Measurement of exhaled breath carbon monoxide in clinical practice: A study of levels in Central Pennsylvania community members

Shari Hrabovsky, Jessica M. Yingst, Susan Veldheer, Erin Hammett, Jonathan Foulds

Research output: Contribution to journalArticle

1 Citation (Scopus)

Abstract

Background and purpose: Exhaled breath carbon monoxide (eBCO) reading is a useful tool for nurse practitioners to evaluate smoking status and other exposures to carbon monoxide (CO) to identify risk for cancer and chronic disease. This study aimed to measure one community's eBCO and identify potential environmental factors that may affect eBCO among nonsmokers. Methods: Data collected by convenience sampling at community health events included self-reported tobacco use and potential CO exposure. Means and frequency calculations describe the sample, two-sided t-tests determine differences in continuous variables, and chi-square tests determine differences in frequencies of CO levels between nontobacco users exposed to additional CO from their environment and nontobacco users who were not. Conclusion: As expected, smokers have significantly higher mean eBCO than nonsmokers (20.1 ppm vs. 4.4 ppm, p <.001). The self-reported nonsmokers (16.2%) had an elevated eBCO (>6 ppm), although there were no environmental factors that explained a higher eBCO. Implications for practice: Measuring eBCO provides an opportunity for the nurse practitioner to engage in a conversation about the impact of smoking and other environmental factors that contribute to eBCO and health. Keeping record of patients’ smoking status and eBCO in their medical record is a valuable measure of the nurse practitioner's delivery of this care.

Original languageEnglish (US)
Pages (from-to)310-315
Number of pages6
JournalJournal of the American Association of Nurse Practitioners
Volume29
Issue number6
DOIs
StatePublished - Jun 2017

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Carbon Monoxide
Nurse Practitioners
Smoking
Health
Tobacco Use
Chi-Square Distribution
Medical Records
Reading
Chronic Disease

All Science Journal Classification (ASJC) codes

  • Nursing(all)

Cite this

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title = "Measurement of exhaled breath carbon monoxide in clinical practice: A study of levels in Central Pennsylvania community members",
abstract = "Background and purpose: Exhaled breath carbon monoxide (eBCO) reading is a useful tool for nurse practitioners to evaluate smoking status and other exposures to carbon monoxide (CO) to identify risk for cancer and chronic disease. This study aimed to measure one community's eBCO and identify potential environmental factors that may affect eBCO among nonsmokers. Methods: Data collected by convenience sampling at community health events included self-reported tobacco use and potential CO exposure. Means and frequency calculations describe the sample, two-sided t-tests determine differences in continuous variables, and chi-square tests determine differences in frequencies of CO levels between nontobacco users exposed to additional CO from their environment and nontobacco users who were not. Conclusion: As expected, smokers have significantly higher mean eBCO than nonsmokers (20.1 ppm vs. 4.4 ppm, p <.001). The self-reported nonsmokers (16.2{\%}) had an elevated eBCO (>6 ppm), although there were no environmental factors that explained a higher eBCO. Implications for practice: Measuring eBCO provides an opportunity for the nurse practitioner to engage in a conversation about the impact of smoking and other environmental factors that contribute to eBCO and health. Keeping record of patients’ smoking status and eBCO in their medical record is a valuable measure of the nurse practitioner's delivery of this care.",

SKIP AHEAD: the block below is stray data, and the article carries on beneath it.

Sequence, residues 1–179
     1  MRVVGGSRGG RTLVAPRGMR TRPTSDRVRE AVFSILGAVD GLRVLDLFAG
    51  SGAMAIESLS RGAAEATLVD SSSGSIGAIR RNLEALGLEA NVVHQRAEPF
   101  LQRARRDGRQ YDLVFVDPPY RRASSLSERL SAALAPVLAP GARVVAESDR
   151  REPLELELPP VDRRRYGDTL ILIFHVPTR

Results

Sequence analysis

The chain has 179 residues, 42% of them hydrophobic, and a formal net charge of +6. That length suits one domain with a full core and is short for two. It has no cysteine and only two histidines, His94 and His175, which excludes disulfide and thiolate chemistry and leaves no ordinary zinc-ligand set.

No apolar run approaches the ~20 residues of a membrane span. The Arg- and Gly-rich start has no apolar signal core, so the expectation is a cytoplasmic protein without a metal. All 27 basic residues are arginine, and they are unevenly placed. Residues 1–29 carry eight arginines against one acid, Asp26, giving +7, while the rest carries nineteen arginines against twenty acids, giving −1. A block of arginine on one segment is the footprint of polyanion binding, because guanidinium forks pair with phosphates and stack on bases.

author = "Shari Hrabovsky and Yingst, {Jessica M.} and Susan Veldheer and Erin Hammett and Jonathan Foulds",
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AB - Background and purpose: Exhaled breath carbon monoxide (eBCO) reading is a useful tool for nurse practitioners to evaluate smoking status and other exposures to carbon monoxide (CO) to identify risk for cancer and chronic disease. This study aimed to measure one community's eBCO and identify potential environmental factors that may affect eBCO among nonsmokers. Methods: Data collected by convenience sampling at community health events included self-reported tobacco use and potential CO exposure. Means and frequency calculations describe the sample, two-sided t-tests determine differences in continuous variables, and chi-square tests determine differences in frequencies of CO levels between nontobacco users exposed to additional CO from their environment and nontobacco users who were not. Conclusion: As expected, smokers have significantly higher mean eBCO than nonsmokers (20.1 ppm vs. 4.4 ppm, p <.001). The self-reported nonsmokers (16.2%) had an elevated eBCO (>6 ppm), although there were no environmental factors that explained a higher eBCO. Implications for practice: Measuring eBCO provides an opportunity for the nurse practitioner to engage in a conversation about the impact of smoking and other environmental factors that contribute to eBCO and health. Keeping record of patients’ smoking status and eBCO in their medical record is a valuable measure of the nurse practitioner's delivery of this care.

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